In this paper polyphase transformer arrangements with reduced kVA capacities are presented for harmonic current reduction in high power diode rectifier-type utility interface systems. Based on the concept of an autotransformer, a 12-pulse rectifier system is realized with a resultant transformer kVA rating of 0.18Po (pu). In this arrangement the 5, 7, 17, 19, etc. harmonics are absent from the utility input line current. In the second scheme an 18-pulse rectifier is realized with the kVA rating of 0.16Po (pu) and the 5, 7, 11, 13, etc. harmonics are canceled in the utility line currents. Analytical design equations are presented to facilitate the design of system components. Simulation results verify the proposed concept, and experimental results are provided from a 208 V, 10 kVA 12-pulse rectifier system. The advantage of employing the proposed system for utility interface of rectifier/PWM-inverter motor drive systems is also explained.

[15] S. Chze, R. Oruganti, and Y. C. Liang, "Automated algorithm for small signal analysis of dc-dc power converters," IEEE Transactions on Power Electronics, vol. 11, no. 1, pp. 132-141, 1996.


Based on a generalized state-space sampled data modeling, an iterative and efficient algorithm for deriving the small signal transfer functions of any dc-dc converter is proposed. This algorithm is suitable to be implemented in a software program as an analytical tool for automated control analysis of general dc-dc converters. Such a tool would reduce considerably the time needed by research engineers in modeling existing and new topologies and control methods. The algorithm proposed is applicable to different kinds of linear and nonlinear control methods. It has been verified on different converters and control methods.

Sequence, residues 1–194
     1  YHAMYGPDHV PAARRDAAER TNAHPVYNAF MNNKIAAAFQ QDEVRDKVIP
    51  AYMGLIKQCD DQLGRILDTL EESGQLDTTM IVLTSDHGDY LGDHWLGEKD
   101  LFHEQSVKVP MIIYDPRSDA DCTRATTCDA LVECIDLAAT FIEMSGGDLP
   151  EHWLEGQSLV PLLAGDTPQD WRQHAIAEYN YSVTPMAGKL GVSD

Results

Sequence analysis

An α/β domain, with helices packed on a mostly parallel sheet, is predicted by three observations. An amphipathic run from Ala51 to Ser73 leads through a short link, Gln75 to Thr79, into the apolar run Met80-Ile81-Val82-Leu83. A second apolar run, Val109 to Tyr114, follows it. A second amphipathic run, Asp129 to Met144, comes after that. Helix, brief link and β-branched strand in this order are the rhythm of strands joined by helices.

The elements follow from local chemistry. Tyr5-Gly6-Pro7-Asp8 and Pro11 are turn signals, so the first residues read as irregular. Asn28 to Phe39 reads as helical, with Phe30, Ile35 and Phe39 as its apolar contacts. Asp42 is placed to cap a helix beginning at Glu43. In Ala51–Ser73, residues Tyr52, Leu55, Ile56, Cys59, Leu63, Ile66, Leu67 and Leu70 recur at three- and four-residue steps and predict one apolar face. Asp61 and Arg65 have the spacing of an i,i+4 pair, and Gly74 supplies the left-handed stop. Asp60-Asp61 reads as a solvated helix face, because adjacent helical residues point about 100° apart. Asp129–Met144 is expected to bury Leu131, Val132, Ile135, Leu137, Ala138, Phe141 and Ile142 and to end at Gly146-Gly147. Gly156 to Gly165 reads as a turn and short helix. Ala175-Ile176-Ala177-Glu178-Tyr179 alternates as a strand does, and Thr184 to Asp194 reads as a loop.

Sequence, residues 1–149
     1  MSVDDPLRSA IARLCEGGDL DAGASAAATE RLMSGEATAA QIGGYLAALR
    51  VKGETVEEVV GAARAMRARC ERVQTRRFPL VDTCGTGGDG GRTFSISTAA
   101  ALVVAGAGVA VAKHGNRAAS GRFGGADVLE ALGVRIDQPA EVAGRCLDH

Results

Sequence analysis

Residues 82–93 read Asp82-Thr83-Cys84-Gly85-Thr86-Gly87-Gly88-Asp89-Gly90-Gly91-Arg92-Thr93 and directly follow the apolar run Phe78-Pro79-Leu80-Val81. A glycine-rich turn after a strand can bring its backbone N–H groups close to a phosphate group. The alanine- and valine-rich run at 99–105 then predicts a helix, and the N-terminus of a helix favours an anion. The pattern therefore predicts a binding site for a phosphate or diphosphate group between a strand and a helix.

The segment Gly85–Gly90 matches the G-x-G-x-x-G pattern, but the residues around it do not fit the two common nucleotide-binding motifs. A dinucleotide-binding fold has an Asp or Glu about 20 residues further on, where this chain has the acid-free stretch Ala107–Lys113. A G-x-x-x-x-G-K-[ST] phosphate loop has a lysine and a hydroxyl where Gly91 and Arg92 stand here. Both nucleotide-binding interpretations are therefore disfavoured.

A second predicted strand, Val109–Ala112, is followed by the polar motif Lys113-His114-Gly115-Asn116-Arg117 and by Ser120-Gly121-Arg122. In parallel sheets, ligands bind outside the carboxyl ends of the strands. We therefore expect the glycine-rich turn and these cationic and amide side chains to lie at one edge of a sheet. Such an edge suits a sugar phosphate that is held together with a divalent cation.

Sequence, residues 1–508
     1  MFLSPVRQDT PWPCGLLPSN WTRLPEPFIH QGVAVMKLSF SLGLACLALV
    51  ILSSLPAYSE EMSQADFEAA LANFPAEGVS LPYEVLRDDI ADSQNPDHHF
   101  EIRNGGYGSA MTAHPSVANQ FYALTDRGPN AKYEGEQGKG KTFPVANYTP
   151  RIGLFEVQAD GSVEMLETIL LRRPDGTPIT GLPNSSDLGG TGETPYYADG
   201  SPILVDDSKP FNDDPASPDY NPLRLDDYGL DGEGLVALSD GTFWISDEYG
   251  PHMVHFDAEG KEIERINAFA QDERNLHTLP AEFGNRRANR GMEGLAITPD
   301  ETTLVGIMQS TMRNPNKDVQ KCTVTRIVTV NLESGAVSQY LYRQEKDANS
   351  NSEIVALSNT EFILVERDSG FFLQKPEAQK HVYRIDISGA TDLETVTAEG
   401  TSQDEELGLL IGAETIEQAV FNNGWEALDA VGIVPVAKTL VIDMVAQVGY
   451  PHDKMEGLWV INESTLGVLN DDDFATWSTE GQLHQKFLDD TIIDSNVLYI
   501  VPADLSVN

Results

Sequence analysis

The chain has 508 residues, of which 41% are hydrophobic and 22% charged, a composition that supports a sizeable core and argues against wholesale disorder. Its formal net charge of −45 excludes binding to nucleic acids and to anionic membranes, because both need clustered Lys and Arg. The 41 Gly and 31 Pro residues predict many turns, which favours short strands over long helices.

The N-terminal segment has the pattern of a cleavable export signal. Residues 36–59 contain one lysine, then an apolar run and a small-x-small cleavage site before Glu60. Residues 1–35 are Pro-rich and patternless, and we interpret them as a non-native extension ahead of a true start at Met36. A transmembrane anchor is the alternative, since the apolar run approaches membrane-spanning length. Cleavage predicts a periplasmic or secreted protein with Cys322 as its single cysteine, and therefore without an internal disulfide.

[16] M. J. N. Cumbi, D. W. Shepherd, and L. N. Hulley, "Development of an object-oriented knowledge-based system for power electronic circuit design," IEEE Transactions on Power Electronics, vol. 11, no. 3, pp. 393-404, 1996.